Andrea Mantel and Scott (Tuna) Mitchell
Met: Jan. 9, 2001 Engaged: June 18, 2002 Projected Wedding Date: Spring 2003
As managing director of Marion’s Continental, the kitschy, martini-obsessed restaurant on the Bowery, Andrea Mantel regularly dons Jean-Paul Gaultier and plays grand hostess to such stars as Moby, the B-52’s, Drew Barrymore, Kate Moss, Conan O’Brien and Philip Seymour Hoffman. Just call her the Elaine Kaufman of the East Village.
But because this is the East Village, the Rubenesque, flame-haired Ms. Mantel also has a kooky “side gig”: patrolling the waters of Manhattan as an auxiliary police officer in the Harbor Unit. “I love the water,” she said recently over a lentil burger at Marion’s alongside her balding, lumbering fiancé, Scott Mitchell (he had the deep-fried calamari and macadamia-crusted mahi-mahi). “For me, that’s the Zen. Especially working in the restaurant business-to be out on the water, where the phones don’t ring and it’s quiet and it’s beautiful …. ” She trailed off meditatively.
A couple of winters ago, she was sitting in an NYPD booth at the Jacob Javits Center handing out pamphlets on water safety when she caught the eye of Mr. Mitchell, a big-time boat dealer from Southington, Conn., whom friends call “Tuna,” and whose second marriage has just ended. “Ooh,” he thought, “a cute girl in uniform!” But before he could make his move, she marched over to him . It turned out they were both wearing the same $6,000 Rolex Submariner watch.
Impressed by Ms. Mantel’s bubbly persona, Mr. Mitchell decided to drop by Marion’s the next night with some of his Connecticut boating buddies-“four real straight guys,” he said. They were entertained by the Pontani Sisters, a tattooed cabaret act. “We didn’t know if we were looking at girls, or if they were guys, or if we were getting the New York shanghai or what ,” said Mr. Mitchell in between noisy bites of squid. (He’s 30; Ms. Mantel, who has never married before, claims 38, with a wink-guess Tuna is more of a “tadpole.”)
Their first proper date took place at the yacht basin at the North Cove Marina, where she once rescued a girl who planned to drown herself. Date No. 2: the River Café in Brooklyn. A few foot massages, a little paintball, and all of a sudden she had herself an 18-foot walk-in closet in his three-bedroom condo near Candlewood Lake in Connecticut. You don’t get that in the East Village!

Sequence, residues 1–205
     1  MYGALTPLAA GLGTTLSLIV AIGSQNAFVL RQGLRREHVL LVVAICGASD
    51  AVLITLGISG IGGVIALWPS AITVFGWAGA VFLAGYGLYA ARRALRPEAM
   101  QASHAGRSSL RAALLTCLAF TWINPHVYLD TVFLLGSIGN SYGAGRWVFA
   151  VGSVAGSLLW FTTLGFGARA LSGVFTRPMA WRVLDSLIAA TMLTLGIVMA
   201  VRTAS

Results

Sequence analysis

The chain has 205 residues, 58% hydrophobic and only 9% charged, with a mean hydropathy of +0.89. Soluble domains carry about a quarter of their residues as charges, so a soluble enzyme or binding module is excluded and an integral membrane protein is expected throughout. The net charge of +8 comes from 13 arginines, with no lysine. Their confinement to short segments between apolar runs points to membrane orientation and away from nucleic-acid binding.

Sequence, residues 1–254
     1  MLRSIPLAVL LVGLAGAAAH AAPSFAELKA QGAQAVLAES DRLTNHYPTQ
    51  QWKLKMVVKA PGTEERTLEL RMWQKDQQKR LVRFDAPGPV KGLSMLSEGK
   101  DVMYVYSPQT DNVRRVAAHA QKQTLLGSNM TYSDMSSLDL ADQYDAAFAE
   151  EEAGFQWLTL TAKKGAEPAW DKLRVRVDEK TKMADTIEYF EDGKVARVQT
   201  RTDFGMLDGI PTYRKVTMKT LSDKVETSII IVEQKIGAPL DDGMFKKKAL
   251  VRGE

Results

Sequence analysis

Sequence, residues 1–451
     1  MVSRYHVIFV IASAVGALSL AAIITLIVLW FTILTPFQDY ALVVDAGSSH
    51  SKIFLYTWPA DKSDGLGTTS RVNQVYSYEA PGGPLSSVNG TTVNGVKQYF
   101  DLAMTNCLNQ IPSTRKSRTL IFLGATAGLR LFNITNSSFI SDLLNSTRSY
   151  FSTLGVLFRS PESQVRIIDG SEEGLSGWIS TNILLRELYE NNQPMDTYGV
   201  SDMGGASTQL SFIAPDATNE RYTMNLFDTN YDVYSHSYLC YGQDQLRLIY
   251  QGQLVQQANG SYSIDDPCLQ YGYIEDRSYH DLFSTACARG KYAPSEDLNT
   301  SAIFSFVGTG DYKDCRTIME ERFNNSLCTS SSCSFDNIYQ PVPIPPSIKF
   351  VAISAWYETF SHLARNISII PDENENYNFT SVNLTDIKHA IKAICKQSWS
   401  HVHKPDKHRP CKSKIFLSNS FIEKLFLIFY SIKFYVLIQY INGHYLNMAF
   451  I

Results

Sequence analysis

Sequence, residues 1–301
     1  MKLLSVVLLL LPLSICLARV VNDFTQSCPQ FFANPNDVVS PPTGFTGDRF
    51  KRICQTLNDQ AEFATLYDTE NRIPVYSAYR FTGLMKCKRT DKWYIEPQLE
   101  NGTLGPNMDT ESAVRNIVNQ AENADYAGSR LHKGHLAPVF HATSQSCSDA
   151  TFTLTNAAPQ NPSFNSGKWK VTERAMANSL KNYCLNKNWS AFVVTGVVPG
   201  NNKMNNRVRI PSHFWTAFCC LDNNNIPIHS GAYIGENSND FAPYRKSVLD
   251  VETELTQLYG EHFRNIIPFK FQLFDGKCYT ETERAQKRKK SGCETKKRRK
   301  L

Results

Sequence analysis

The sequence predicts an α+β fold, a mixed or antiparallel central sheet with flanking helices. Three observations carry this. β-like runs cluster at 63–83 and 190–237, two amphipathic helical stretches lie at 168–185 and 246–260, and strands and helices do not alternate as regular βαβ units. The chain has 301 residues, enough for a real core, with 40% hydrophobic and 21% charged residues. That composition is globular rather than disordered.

“She’s an anchor for me,” said Mr. Mitchell. “A mooring ball.” Miss Mantel described her catch as “macho and masculine, but also sensitive,” Some might make that “indulgent”: After she nearly totaled one of his 18 cars, a red Corvette he’d gotten on eBay, he bought her a trusty Suburban. And after she passed the exam to be a police sergeant, he indulged her even further with a platinum ring containing two 1.24-carat diamonds and a five-carat sapphire-“blue like the ocean, where all the tuna swim,” said Ms. Mantel dreamily.
They plan to be married on a boat floating on the Hudson. A waitress from Marion’s has been enlisted to sing “On the Good Ship Lollipop.”
-Anna Jane Grossman
Eddie Bakhash and Heidi Cohen
Met: June 2001 Engaged: Sept. 23, 2001 Projected Wedding Date: Aug. 3, 2002
“I’m the kind of person who always believes in fate and the language of destiny,” said Eddie Bakhash, 33, who works for his family’s Internet jewelry business, AmericanPearl.com.
He was set up on a blind date with Heidi Cohen, a senior vice president of asset management, by a mutual married acquaintance (anxious, like most married people, to convert singles to their way of life). Mr. Bakhash walked into Whiskey Park, took in Ms. Cohen’s assets-showcased in a red gingham dress-and kvelled . “She looks like Sandra Bullock, only more beautiful,” he said. “I couldn’t believe she was so pretty and she was single! Because when you’re single and you’re going on a blind date, you’re confessing that you want to meet someone. It’s like when you’re in A.A., you’re a drunkard.”
Ms. Cohen was a little less hot-to-trot. “I was kind of turned off in the beginning,” she said. “He was a little late, and I hate when people are late. I wore a nice dress, and he didn’t look like he’d made any kind of effort. He looked schlumpy . I don’t really like beards, and he had a goatee.”
For some reason, neither of them remembered that they’d actually met four years previously, when Mr. Bakhash had been set up on a blind date with Ms. Cohen’s sister. She was going out with one of his friends, and they’d arranged a double date with her sister. They’d spent an entire evening together back then. And yet she didn’t recognize him-it was the goatee, perhaps-and he was too dazzled by her witty repartee.